ERIC Number: ED196799
Record Type: RIE
Publication Date: 1979-Jul
Reference Count: 0
Measuring Attitudes Toward Animal Life: A Technical Report to American Humane.
This paper evaluates two measurement instruments with regard to their ability to measure children's and young people's attitudes toward animals. The instruments are the Fireman Test (in which children are asked to identify those few animals and/or material possessions which a fireman should try to save during a fire) and the Good Ideas and Bad Ideas Test (in which children are directed to respond to multiple choice questions involving feelings about whether certain actions involving animals and inanimate objects are good or bad). Tests based on these two measurement instruments were administered to over 2,000 pupils in grades three through six and grade nine. Information is presented on test development, validity, reliability, differences to be expected among responses for different grade levels, actual differences at different grade levels, intercorrelations of humane attitude scores among students taking both tests, and variations in student scores according to a number of variables, including reading level, socioeconomic status, boy or girl scouting experience, English placement, and knowledge about and experience with animals. Findings from comparison of test scores with a variety of controls for these and other variables indicated that the Fireman Test and the Good and Bad Ideas Test provide more valid and reliable information about students' attitudes toward animals than has been available to date for use by researchers in humane education. The conclusion is that humane educators will be able to develop and implement educational programs which are more effective in solving problems related to animal life if they use these tests. Copies of the measurement instruments and 22 tables of test-related data are included in the appendices. (DB)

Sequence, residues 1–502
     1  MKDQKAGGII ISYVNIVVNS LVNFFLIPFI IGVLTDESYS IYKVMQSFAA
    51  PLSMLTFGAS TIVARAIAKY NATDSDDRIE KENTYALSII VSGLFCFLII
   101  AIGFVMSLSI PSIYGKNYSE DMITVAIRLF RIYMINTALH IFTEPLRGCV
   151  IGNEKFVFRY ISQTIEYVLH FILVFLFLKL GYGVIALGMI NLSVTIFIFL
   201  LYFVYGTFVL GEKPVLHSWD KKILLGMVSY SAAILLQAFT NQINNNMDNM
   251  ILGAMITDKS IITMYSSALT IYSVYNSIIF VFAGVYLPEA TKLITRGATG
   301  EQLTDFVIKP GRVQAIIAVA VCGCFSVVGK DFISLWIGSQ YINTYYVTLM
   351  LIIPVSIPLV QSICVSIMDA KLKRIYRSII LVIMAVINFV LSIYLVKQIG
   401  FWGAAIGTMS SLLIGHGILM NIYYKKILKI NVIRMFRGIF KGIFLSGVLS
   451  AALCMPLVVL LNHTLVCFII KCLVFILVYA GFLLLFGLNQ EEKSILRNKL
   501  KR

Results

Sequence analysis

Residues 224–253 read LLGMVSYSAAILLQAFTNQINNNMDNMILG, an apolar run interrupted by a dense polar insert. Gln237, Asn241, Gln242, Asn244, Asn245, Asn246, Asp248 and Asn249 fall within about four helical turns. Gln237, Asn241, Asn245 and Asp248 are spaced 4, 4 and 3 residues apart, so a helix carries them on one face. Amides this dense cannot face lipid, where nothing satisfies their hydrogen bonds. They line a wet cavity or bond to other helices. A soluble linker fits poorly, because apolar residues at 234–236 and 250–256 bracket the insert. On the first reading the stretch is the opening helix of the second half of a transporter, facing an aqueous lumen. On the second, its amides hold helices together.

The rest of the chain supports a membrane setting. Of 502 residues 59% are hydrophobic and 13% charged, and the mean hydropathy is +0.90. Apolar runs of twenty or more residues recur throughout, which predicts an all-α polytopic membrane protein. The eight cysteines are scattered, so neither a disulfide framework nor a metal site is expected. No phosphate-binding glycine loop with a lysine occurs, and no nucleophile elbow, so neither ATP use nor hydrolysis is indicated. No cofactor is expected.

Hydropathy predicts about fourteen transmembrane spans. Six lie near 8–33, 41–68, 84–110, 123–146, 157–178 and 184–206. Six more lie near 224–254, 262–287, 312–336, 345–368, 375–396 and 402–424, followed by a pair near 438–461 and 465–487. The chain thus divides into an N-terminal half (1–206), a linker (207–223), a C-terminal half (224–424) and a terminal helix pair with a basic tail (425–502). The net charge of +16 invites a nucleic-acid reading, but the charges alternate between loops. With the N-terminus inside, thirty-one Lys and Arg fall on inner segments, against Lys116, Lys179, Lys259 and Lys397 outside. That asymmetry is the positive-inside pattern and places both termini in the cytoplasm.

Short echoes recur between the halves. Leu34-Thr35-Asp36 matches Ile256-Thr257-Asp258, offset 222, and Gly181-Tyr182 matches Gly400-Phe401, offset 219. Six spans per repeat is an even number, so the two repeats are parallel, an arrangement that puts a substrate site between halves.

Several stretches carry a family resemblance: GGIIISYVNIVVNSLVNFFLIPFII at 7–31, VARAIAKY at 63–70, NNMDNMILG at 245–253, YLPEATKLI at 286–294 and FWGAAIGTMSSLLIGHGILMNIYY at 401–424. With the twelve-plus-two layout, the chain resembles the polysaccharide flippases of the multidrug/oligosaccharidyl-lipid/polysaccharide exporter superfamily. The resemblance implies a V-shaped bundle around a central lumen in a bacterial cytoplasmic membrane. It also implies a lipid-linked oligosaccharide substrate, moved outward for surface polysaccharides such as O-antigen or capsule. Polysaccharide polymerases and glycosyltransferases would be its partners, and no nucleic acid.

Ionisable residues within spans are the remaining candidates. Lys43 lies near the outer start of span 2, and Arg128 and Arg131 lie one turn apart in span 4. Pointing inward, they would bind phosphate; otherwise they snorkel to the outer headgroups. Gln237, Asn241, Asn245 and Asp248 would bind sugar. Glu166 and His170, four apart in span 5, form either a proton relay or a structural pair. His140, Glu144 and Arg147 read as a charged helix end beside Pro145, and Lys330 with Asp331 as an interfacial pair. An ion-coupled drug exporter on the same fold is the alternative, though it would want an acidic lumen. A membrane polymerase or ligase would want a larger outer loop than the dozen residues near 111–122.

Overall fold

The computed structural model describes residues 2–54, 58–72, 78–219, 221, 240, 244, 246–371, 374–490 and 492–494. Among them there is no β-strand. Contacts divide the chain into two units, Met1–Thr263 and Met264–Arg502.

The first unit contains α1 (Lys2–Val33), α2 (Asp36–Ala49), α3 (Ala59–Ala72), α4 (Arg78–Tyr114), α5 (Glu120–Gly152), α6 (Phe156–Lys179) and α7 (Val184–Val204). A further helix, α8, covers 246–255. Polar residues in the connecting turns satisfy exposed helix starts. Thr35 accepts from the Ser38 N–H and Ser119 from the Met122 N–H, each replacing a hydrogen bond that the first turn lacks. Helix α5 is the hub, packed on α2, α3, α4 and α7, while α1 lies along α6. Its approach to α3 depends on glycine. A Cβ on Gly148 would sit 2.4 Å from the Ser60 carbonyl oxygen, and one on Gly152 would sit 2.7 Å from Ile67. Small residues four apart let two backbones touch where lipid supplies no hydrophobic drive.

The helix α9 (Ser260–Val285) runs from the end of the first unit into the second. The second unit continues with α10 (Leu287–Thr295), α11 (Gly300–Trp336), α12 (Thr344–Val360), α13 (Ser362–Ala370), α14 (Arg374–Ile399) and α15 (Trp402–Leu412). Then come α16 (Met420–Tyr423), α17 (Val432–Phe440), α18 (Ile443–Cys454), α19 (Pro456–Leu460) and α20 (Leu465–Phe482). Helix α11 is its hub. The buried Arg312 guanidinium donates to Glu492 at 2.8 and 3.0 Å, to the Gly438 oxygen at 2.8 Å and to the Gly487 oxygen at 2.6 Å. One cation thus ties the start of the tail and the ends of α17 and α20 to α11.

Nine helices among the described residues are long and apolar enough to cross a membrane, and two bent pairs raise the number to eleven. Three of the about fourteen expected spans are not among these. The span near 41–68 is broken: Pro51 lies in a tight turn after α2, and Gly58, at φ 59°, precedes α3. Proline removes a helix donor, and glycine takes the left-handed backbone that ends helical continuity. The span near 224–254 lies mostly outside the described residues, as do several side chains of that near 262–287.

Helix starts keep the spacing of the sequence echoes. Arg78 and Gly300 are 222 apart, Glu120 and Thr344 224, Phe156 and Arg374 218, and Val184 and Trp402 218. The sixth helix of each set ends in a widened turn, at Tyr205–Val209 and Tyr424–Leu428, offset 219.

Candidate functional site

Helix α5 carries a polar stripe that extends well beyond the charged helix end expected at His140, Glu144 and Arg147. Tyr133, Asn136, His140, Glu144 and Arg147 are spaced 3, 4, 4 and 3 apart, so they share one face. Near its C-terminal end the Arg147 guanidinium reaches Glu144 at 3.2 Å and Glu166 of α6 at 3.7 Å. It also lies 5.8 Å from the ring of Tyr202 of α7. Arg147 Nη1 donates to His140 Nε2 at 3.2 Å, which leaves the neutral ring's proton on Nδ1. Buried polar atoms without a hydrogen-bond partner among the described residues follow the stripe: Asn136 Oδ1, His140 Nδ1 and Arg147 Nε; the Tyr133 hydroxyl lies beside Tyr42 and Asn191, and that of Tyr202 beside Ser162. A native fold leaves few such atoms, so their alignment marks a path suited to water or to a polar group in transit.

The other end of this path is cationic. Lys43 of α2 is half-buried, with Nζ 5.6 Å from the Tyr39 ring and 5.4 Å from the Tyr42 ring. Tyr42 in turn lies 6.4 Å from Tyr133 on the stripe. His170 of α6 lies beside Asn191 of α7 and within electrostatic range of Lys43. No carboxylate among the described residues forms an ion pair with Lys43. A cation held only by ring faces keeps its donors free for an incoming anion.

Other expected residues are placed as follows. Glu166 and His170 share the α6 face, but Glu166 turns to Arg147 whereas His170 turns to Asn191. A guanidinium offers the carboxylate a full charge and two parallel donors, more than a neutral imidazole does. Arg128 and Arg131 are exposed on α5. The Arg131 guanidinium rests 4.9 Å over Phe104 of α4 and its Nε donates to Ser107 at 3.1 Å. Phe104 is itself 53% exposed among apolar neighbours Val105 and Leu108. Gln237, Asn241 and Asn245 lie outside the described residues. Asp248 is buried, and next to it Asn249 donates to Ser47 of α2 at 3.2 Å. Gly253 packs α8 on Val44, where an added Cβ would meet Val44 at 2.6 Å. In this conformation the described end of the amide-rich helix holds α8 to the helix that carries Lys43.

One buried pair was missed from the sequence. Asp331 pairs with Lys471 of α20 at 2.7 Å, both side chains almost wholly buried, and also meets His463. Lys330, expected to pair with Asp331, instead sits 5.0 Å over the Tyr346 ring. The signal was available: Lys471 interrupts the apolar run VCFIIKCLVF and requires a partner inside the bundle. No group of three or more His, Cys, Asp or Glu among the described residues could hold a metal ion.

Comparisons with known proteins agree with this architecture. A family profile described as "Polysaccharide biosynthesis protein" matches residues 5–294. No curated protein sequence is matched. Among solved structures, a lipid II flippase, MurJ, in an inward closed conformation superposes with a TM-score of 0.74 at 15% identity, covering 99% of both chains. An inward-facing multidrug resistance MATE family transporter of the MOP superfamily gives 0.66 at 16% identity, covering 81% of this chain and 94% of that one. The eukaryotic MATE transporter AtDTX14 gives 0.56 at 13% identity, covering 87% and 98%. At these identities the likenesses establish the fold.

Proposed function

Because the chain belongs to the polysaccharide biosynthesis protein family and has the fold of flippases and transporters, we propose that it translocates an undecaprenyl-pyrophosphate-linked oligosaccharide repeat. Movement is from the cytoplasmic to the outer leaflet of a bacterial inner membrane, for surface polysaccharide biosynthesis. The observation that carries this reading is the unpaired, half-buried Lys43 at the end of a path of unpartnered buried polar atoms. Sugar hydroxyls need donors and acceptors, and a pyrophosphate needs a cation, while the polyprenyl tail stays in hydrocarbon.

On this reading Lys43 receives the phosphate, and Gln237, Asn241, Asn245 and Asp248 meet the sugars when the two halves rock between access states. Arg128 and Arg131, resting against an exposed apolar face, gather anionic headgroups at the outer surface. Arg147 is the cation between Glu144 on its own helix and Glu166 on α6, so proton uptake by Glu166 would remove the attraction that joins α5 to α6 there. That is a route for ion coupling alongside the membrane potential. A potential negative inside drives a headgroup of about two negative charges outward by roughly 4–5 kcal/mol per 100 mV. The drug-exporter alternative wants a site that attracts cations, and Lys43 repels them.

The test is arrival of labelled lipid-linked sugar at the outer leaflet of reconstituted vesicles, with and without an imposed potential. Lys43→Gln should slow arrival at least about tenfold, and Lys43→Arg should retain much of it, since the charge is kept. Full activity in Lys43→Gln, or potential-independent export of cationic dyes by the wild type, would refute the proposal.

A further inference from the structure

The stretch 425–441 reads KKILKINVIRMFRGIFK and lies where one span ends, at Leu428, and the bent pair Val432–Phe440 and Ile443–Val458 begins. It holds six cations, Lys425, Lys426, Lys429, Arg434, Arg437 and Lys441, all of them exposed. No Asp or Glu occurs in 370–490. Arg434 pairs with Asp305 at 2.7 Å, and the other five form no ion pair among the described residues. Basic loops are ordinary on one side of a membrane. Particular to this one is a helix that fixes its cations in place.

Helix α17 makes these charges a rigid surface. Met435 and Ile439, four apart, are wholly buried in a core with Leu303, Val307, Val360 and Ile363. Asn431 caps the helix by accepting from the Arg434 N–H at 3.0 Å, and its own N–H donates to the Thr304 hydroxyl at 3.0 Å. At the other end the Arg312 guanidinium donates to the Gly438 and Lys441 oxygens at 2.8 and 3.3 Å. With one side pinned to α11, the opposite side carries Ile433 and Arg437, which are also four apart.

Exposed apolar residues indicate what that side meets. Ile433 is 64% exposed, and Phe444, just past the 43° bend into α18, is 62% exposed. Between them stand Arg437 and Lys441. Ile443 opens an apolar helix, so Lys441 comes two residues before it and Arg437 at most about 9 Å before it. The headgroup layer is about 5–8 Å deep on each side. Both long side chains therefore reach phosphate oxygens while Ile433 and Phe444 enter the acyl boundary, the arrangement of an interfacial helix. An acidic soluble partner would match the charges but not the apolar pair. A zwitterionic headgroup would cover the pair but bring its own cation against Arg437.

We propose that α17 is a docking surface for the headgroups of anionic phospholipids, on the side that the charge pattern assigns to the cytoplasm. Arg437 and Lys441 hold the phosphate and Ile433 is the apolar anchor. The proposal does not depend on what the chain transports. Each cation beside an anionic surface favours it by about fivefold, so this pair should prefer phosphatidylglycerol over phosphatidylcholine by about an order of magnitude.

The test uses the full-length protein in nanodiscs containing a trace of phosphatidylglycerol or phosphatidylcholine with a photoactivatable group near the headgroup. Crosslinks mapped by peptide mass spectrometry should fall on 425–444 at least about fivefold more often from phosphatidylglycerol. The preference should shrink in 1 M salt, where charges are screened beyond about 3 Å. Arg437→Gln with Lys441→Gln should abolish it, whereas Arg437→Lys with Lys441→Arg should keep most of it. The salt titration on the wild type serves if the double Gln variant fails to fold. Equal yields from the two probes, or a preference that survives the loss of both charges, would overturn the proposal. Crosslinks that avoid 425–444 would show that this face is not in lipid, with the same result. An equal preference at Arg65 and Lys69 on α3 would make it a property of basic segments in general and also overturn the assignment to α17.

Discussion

Publication Type: Reports - Research
Education Level: N/A
Authoring Institution: N/A
Note: Appendix A may not reproduce clearly from EDRS in microfiche due to poor reproducibility of original document.